CONCLUSÃO: De acordo com os resultados, o retalho plantar medial é uma boa opção para cobertura do pé, especialmente do calcâneo. A versatilidade do retalho permite a cobertura de defeitos no calcâneo sobre o tendão de Aquiles e apoio plantar, assim como o dorso do pé. A cobertura da região de apoio plantar com pele de textura similar e sensibilidade protetora confere a esse retalho uma grande vantagem sobre outros retalhos para reconstrução dessa região.

Palavras-chave: Calcâneo; Ferimentos e lesões; Procedimentos cirúrgicos reconstrutivos; Traumatismos do pé.


INTRODUCTION

The reconstruction of the distal third of the lower limb is still a challenge for plastic surgeons. The anatomical characteristics, such as scarcity of tissues and skin, greatly hinder the treatment of soft tissue injuries in this location.

The use of fasciocutaneous flaps in the reconstruction of lesions of the distal third of the lower limb, especially of the foot, is well indicated due to similarities between the tissues of the region. The medial plantar island flap is one of the most important of these flaps1,2.

The medial plantar flap was initially described by Harrison and Morgan in 19813. It is based on the medial plantar artery and consists of a fasciocutaneous flap using the skin of the plantar arch of the foot, ideal tissue for covering defects in the region of the calcaneus and other regions of the foot due to their structural similarity. The innervation of this flap is preserved, which maintains sensitivity, an important protective factor4.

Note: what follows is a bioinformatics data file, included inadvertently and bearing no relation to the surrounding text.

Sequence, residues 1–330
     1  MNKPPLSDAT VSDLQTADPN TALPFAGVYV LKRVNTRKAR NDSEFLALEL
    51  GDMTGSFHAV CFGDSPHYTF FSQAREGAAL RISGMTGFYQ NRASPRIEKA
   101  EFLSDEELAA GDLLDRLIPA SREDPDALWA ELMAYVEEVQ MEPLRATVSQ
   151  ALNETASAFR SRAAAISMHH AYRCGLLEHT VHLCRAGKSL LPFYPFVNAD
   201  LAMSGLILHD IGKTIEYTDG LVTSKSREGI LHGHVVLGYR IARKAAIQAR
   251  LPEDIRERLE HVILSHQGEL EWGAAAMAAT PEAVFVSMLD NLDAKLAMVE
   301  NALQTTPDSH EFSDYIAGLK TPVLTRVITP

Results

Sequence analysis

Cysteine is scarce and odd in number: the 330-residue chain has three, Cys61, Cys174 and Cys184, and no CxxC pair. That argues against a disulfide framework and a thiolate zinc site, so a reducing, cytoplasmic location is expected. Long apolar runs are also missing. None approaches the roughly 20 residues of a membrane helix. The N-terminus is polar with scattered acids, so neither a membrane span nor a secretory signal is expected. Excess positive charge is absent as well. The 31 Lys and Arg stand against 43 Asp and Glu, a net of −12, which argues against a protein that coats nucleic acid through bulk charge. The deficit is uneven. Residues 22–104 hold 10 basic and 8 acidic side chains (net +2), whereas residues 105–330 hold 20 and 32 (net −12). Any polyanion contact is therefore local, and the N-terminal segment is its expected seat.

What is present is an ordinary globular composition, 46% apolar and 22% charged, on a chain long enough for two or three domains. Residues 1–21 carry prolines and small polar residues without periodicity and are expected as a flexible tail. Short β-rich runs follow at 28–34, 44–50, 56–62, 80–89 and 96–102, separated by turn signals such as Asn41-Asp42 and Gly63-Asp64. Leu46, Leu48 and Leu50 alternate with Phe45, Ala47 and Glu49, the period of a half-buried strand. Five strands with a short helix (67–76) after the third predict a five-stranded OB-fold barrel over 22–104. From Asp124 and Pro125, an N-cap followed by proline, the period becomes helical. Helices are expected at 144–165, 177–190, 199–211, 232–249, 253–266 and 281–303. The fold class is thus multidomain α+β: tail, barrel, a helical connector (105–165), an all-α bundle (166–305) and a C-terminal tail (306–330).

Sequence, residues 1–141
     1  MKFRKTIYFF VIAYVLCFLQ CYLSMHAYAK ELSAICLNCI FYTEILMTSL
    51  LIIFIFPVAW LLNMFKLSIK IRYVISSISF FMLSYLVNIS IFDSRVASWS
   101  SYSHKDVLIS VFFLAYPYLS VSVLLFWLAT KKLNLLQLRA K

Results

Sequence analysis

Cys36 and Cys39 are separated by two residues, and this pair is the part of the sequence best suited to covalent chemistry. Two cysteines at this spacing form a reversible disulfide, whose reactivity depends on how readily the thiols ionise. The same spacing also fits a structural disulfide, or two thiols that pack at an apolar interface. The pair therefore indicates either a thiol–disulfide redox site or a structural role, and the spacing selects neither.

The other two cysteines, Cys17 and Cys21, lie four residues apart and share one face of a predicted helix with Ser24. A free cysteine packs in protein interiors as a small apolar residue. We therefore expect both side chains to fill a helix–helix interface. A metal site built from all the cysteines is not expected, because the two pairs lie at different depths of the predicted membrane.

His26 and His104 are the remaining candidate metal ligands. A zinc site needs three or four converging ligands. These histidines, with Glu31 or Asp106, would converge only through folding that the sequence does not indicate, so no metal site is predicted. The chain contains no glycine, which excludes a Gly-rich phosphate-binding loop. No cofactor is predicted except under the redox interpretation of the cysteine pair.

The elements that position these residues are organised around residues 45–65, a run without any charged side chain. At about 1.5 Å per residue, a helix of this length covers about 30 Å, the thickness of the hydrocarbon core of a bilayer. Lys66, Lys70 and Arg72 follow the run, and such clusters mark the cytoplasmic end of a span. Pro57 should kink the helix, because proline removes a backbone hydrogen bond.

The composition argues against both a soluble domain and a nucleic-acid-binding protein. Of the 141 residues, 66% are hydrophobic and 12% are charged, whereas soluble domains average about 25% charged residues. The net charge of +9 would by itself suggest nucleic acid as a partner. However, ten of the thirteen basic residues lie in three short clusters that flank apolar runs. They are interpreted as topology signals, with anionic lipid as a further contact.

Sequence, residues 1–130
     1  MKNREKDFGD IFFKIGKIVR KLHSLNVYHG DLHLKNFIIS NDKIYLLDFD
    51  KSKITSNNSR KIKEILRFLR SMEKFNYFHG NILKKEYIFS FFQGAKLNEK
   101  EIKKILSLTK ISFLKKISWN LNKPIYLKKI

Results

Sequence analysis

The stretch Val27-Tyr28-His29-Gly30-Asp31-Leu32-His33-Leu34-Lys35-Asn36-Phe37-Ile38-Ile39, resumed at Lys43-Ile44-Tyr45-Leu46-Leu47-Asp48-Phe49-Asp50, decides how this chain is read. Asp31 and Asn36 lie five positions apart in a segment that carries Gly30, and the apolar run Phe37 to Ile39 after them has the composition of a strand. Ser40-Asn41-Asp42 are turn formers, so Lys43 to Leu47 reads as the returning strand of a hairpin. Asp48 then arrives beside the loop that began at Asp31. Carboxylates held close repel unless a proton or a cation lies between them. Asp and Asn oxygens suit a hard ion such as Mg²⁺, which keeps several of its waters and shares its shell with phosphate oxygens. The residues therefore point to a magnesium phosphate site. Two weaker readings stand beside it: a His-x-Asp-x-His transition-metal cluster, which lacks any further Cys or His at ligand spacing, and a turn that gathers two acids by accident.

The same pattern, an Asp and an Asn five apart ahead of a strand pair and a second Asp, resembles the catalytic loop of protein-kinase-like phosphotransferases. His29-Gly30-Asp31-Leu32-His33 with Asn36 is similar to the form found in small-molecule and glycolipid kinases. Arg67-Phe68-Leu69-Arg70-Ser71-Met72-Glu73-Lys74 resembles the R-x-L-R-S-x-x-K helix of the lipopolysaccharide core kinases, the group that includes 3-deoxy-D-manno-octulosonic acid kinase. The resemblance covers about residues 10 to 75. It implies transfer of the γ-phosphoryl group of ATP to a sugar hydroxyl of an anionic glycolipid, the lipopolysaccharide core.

OBJECTIVE

The objective of this study is to present a series of cases involving patients with traumatic lesions of the foot who underwent surgical reconstruction with the medial plantar flap from 2001 to 2013.


METHODS

This is a retrospective study of all patients admitted to the plastic surgery service of a public hospital, who during the aforementioned period underwent reconstruction of limbs for loss of skin coverage using the medial plantar flap. The following variables were evaluated: gender, age, etiology of the trauma, presence and location of fractures, characteristics of the loss of substance, and presence of bone exposure.

The inclusion criteria were patients treated at the Plastic Surgery Service of the Asa Norte Regional Hospital in Brasília, DF, with lower limb trauma who underwent reconstruction with the medial plantar flap. All patients were evaluated with Doppler ultrasound of the arterial system of the foot. The dorsal artery of the foot and the posterior tibial artery were patent in all patients.

The exclusion criteria were hemodynamically unstable patients, and patients with lesions of the tibial nerve or with injury in the plantar donor area.

Only after the preparation of the recipient site was the defect measured and transferred to the donor site. The flap had to be slightly larger than the recipient area.

The study was approved by the Research Ethics Committee of the Secretary of State for Health of the Federal District (CAAE number: 47391715.6.0000.5553, opinion: 1.167.841).


RESULTS